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Re: VM image to promote Debian within the neuroimaging community

On 2007-04-13 16:55, Michael Hanke wrote:
> Hi,
> I'm thinking about creating a virtual machine image for VirtualBox to
> promote the use of Debian among neuroimaging scientists. The target
> audience are Windows-users currently using cygwin-based ports of
> available Linux/Unix tools, or even worse win32-only stuff just because
> they have/want to stick to Windows as their OS.
> I think VMs are superior to Live-CDs for this task as the VMs can be
> used as a living Debian system that can be further customized. In
> contrast Live-CDs always feel like a snapshot of a certain system that
> one has to live with.
> I want to use VirtualBox, because it is freely available and only
> requires little configuration. Besides the usual features of its
> competitors it offers two interesting additions.
> 1. It can run 'headless' and provides the video output via an integrated
>    RDP server that can be accessed over the network.
> 2. It can mount folders/drives on the host system even without a network
>    setup.
> I want to use Debian etch as operating system and use as much available
> packages as possible. The desktop choice would probably be XFCE, because
> it require little memory which could be important if the VM host doesn't
> have much RAM installed.
> I plan to setup a single user (root only via sudo) for that all relevant
> apps are fully configured to give a nice works-out-of-the-box feeling.
> I'd like to keep it as close as possible to a standard Debian system. I do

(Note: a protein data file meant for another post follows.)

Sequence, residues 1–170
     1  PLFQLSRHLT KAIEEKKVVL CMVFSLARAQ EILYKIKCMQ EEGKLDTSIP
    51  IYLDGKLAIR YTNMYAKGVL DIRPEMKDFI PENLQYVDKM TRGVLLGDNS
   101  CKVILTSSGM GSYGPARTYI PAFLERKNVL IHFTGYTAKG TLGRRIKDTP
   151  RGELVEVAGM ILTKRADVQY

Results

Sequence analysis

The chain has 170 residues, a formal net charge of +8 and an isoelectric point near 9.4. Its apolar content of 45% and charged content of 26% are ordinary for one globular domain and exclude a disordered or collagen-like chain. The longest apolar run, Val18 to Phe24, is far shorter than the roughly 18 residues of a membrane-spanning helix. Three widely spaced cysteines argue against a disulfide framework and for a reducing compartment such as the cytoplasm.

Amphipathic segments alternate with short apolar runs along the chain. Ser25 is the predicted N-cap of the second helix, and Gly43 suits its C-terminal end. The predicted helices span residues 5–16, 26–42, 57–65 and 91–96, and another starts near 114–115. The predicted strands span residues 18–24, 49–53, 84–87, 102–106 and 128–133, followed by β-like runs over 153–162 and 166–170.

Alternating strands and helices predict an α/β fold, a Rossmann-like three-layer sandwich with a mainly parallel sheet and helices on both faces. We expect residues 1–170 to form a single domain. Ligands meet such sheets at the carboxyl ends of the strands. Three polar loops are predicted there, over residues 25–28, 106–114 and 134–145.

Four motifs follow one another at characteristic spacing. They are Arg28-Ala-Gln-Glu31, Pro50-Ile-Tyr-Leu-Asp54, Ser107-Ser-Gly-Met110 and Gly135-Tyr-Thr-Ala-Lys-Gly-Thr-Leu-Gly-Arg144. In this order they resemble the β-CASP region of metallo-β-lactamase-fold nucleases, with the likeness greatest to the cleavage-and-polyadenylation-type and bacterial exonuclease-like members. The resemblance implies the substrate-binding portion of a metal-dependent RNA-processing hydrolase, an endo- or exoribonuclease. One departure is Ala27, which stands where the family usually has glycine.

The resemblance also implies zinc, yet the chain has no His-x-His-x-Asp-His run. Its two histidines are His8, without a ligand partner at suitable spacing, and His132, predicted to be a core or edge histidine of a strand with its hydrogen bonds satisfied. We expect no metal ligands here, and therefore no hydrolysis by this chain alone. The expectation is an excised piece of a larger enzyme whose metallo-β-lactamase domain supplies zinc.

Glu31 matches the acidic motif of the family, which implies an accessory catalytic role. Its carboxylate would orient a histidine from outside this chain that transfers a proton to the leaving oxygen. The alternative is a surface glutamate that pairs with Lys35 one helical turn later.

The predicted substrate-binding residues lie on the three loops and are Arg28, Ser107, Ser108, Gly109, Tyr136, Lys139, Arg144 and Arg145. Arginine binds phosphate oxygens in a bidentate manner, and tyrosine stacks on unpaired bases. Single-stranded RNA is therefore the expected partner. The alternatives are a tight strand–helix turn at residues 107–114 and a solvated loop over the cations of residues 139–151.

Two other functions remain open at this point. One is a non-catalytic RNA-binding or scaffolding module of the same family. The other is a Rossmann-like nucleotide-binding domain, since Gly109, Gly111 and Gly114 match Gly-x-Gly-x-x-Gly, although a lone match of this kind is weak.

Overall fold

> not intent to create yet-another-distribution, but a usable example
> installation of Debian etch.
> I'd be glad to hear your comments. I'd be especially interested in
> information if a similar project already exists and what I can do to get
> the highest benefit for the Debian project.
> Thanks in advance,
> Michael

Hello Michael,

I've done something similar with PC-BSD under Parallels:


The same Parallels image works under both Mac and Windows.  I would hope the 
same is true to VirtualBox.

I agree that VMs are much nicer to work with than Cygwin.  The main limitation 
in a VM guest OS is going to be graphics speed, which will be a big issue for 
3d apps like SUMA, Caret, and Freesurfer.  This is the one good reason I can 
think of to use Cygwin instead of a VM.  If there's a way to give the guest 
OS direct access to the video hardware, or at least get reasonable 3d 
performance (which I've not seen yet), we'll really be in business.



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